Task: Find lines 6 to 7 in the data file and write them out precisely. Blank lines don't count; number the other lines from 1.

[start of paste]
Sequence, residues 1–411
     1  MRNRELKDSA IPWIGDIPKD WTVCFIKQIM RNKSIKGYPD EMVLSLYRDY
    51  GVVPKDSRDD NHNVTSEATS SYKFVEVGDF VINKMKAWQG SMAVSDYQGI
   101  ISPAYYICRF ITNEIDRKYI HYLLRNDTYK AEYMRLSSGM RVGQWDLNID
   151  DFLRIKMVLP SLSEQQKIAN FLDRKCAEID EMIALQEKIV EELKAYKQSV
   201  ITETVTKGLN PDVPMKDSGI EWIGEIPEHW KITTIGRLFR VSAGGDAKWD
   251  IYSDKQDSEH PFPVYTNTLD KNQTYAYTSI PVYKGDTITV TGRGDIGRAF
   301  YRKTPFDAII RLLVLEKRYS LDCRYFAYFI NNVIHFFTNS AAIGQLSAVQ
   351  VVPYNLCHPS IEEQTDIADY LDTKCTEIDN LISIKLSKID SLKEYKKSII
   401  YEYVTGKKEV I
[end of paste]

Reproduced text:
   201  ITETVTKGLN PDVPMKDSGI EWIGEIPEHW KITTIGRLFR VSAGGDAKWD
   251  IYSDKQDSEH PFPVYTNTLD KNQTYAYTSI PVYKGDTITV TGRGDIGRAF